I watch a man scuffle past the window, unphased by the rain, as if that was normally how he walked. I thought I recognized him from the apartment. Daniel or something. Yeah, Daniel. He was tall, but not the intimidating kind. He had on a red rain coat and boots carried a bowl of cherries. He didn't seem bad. I haven't met a lot of people from Collingwood yet. Daniel scuffled back into the sight of observers from the coffee shop (probably only me) and hesitated before entering. He stood there in the doorway, one hand behind his back still on the doorknob and balancing the bowl of cherries on the other. He looked around and met my eyes with his. He hesitated again and moved over towards me.
"Uh, will you watch these for me?" he meant the cherries, and made a "setting them down on the table" motion.
"I'd be happy to..."
So he set them down on the table and walked behind me, through a doorway in the back of the room. Whatever. I thought, and then those are some damn nice looking cherries.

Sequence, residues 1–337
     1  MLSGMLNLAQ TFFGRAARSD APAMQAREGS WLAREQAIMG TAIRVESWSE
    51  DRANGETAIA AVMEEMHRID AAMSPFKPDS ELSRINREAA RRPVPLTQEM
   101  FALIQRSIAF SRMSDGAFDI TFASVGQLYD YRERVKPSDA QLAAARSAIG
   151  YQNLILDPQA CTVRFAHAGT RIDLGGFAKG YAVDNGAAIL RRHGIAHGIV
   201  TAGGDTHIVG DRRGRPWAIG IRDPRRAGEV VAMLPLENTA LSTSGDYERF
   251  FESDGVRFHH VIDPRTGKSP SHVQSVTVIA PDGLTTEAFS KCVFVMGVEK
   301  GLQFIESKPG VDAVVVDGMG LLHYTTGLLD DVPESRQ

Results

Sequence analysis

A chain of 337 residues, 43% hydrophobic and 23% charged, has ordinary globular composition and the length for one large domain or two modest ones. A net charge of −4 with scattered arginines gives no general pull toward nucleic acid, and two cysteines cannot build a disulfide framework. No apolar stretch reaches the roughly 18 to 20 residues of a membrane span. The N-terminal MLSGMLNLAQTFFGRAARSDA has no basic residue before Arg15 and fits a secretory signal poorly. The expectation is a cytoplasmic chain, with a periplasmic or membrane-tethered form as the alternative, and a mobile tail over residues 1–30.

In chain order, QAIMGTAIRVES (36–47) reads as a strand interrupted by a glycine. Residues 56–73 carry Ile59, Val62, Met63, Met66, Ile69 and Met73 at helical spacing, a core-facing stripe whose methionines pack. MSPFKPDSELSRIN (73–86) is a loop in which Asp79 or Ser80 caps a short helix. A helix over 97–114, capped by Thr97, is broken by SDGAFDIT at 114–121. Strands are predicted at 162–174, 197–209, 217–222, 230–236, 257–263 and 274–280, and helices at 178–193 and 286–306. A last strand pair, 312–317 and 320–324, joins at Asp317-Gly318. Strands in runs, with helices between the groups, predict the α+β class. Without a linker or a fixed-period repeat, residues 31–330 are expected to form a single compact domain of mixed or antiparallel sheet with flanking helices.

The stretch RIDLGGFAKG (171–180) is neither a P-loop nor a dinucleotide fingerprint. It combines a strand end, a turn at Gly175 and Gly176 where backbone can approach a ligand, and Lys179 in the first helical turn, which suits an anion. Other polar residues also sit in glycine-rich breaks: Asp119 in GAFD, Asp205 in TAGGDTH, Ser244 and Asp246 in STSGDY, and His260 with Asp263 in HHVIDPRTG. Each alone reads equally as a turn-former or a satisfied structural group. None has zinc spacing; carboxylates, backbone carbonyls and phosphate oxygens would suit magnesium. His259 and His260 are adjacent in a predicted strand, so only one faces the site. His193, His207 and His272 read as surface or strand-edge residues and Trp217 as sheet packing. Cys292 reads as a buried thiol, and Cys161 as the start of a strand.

Memories I have associated with cherries? When I was younger, it was common sense that if you swallowed a cherry pit, you'd have a cherry tree growing inside of you within days. It never happened to the unhealthy, dangerous extent that I thought it would, but sometimes if I pressed down on my stomach I could feel little twigs and leaves forming. I broke one once, a twig I mean, and it took a long time before another one grew back and I could feel it again.
What? Did I just say that out loud?
"Oh, hey Attica," a goddess stands over me.
"What are you doing here," and by "here" she meant "my kitchen". 
And because I was in her kitchen, sitting cross legged on my counter next to a bowl of cherries eating a peach with a knife, I said, "I brought fruit." 
"Right on," she put her bag down, took off her shoes, and joined me next to her mother's fancy center piece. 
"This is...nice," replacing "weird" with "nice" in the most calming sort of way. 
We always tried to do that, turn weird situations into nice ones, so when you came home from work and your best friend was sitting next to the family heirloom holding a knife, you knew it was going to be a good night. 
It was becoming darker and darker outside, so I put on the Norah Jones record and she got the bourbon. 
And that's just what we did -- every Monday, Tuesday, and Thursday, we turned potentially weird situations into nice ones.

Thursday, September 3, 2015